In appointing federal appeals court Judge Antonin Scalia to fill the vacancy created by the resignation of Chief Justice Warren E. Burger, President Reagan is attempting to replace one conservative jurist with another. But many legal scholars said yesterday that the confirmation of Scalia -- while not likely to transform the court overnight -- could eventually leave the court a more conservative institution.
Legal experts said Scalia tends to be more conservative than Burger on some of the court's most hotly contested issues, including abortion, affirmative action and First Amendment rights -- a philosophical difference that will be buttressed by what liberal and conservative lawyers describe as a persuasive manner and impressive intellect.
"In some ways one of the most significant things in the close 5-to-4 or 6-to-3 votes is that the combination of Scalia's affability and brains may swing votes that Burger's aloofness and intellect did not," said American University law professor Herman Schwartz, editor of a forthcoming book on the Burger court.
Scalia, said Harvard Law School professor Laurence Tribe, is "in general much closer to the pure philosophy that Justice William H. Rehnquist exemplifies on issues like affirmative action and the reach of the First Amendment and the incorporation of the Bill of Rights than to the somewhat more centrist views of Chief Justice Burger."
Geoffrey R. Stone, who teaches constitutional law at the University of Chicago, where Scalia taught before being appointed to the U.S. Circuit Court of Appeals here, said Scalia is not only opposed to abortion, but thinks the Roe v. Wade decision -- which Burger joined in legalizing abortion -- "is not justified by the Constitution."
Although Scalia has not handled an abortion case during his four years on the circuit court, he joined an opinion by Judge Robert H. Bork, in a case upholding the Navy's right to dismiss homosexuals, that criticized a related line of Supreme Court decisions finding a constitutional right of privacy.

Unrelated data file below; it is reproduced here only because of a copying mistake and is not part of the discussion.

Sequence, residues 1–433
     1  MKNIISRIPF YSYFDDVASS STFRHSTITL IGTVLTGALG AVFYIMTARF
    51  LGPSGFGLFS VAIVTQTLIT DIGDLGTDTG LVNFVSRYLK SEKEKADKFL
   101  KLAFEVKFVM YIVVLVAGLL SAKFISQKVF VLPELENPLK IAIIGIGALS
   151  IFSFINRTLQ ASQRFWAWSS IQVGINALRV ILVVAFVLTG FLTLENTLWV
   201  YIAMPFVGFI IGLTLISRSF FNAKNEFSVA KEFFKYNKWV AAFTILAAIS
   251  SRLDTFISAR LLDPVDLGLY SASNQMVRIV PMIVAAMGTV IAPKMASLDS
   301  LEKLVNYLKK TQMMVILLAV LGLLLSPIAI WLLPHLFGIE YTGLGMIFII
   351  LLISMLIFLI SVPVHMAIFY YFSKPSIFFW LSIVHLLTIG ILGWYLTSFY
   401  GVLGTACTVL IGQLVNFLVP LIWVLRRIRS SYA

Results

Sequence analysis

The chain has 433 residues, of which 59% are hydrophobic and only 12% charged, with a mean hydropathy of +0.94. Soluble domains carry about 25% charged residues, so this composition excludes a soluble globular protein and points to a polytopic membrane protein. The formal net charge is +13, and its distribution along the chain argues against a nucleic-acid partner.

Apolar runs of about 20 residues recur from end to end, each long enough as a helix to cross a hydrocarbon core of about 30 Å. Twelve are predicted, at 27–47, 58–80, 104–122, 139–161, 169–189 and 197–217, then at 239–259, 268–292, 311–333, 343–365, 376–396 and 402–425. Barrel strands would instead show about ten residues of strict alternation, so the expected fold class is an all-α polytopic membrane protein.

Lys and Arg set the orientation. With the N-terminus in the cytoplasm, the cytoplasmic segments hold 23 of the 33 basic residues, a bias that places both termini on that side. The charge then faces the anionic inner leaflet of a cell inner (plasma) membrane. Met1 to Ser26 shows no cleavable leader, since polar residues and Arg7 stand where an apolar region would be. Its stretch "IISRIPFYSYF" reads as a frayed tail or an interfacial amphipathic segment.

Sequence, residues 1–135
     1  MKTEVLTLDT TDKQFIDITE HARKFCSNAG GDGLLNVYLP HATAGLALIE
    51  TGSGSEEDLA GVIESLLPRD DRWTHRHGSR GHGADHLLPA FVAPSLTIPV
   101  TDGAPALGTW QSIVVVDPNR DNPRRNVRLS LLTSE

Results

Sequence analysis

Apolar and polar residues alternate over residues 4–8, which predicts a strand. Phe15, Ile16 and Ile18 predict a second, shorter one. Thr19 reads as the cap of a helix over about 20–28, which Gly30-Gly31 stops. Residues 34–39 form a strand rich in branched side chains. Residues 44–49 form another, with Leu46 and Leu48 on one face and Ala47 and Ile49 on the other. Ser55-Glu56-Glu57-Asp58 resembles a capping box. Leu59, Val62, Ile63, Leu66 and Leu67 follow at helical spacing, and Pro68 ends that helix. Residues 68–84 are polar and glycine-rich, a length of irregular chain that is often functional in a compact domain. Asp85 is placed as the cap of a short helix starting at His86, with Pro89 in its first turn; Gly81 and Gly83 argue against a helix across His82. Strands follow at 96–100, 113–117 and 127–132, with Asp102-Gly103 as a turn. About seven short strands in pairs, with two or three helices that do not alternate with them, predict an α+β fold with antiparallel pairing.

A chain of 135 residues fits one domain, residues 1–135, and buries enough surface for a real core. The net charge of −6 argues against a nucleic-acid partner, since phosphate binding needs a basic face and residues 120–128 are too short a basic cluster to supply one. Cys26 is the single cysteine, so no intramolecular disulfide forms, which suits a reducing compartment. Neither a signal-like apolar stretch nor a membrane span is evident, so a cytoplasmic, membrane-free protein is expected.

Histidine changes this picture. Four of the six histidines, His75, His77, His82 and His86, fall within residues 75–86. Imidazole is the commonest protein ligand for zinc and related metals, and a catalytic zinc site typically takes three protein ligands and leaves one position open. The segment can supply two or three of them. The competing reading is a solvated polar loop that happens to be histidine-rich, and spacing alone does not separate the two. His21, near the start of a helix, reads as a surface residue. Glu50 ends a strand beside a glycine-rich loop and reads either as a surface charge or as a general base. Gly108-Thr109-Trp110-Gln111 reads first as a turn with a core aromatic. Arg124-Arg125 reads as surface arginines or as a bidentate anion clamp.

"The chief justice was more prepared than Judge Scalia is to infer rights from the overall history and structure of the Constitution," Tribe said. "There has been a willingness to go beyond the text in order to preserve the spirit."
Scalia could join Justices Rehnquist and Byron R. White in voting to overturn Roe. Justice Sandra Day O'Connor -- who has criticized the reasoning in Roe but not stated her ultimate position on abortion -- might go along, but that would leave abortion rights intact with possibly a 5-to-4 majority.
Scalia has harshly criticized affirmative action, one of the issues that has splintered the court and on which Burger has taken a generally centrist position. In 1980, Burger wrote the majority opinion upholding a law setting aside 10 percent of federal public works contracts for companies controlled by members of minority groups, although he has dissented from other cases upholding affirmative action programs.
While Burger has written or joined some important opinions upholding press rights, including a 1980 ruling that the news media and public have a constitutional right to attend criminal trials, Scalia has come out against the press in a number of cases on the circuit court.
For example, Scalia broke from Bork, his conservative colleague, in dissenting from a 1984 case ruling that a Marxist professor seeking a job at the University of Maryland could not sue syndicated columnists Rowland Evans and Robert Novak for disparaging comments.
" P erhaps those are right . . . who view high libel judgments as no more than an accurate reflection of the vastly expanded damage that can be caused by media that are capable of holding individuals up to public obloquy from coast to coast and that reap financial rewards commensurate with that power," Scalia wrote. Scholars also said Scalia may take an even more expansive view than Burger of executive branch power. Scalia wrote the unsigned three-judge panel opinion striking down the Gramm-Rudman-Hollings budget-balancing law because the comptroller general, responsible for implementing its automatic trigger provisions, is not under executive branch control. His opinion expressed doubt about the constitutionality of a host of independent U.S. regulatory agencies.